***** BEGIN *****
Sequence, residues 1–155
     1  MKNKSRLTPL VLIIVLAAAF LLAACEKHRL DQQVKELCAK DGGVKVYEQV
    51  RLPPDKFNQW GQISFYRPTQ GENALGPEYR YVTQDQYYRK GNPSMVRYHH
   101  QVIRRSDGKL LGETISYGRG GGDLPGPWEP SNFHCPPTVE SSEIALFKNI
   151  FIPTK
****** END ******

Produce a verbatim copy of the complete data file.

Sequence, residues 1–155
     1  MKNKSRLTPL VLIIVLAAAF LLAACEKHRL DQQVKELCAK DGGVKVYEQV
    51  RLPPDKFNQW GQISFYRPTQ GENALGPEYR YVTQDQYYRK GNPSMVRYHH
   101  QVIRRSDGKL LGETISYGRG GGDLPGPWEP SNFHCPPTVE SSEIALFKNI
   151  FIPTK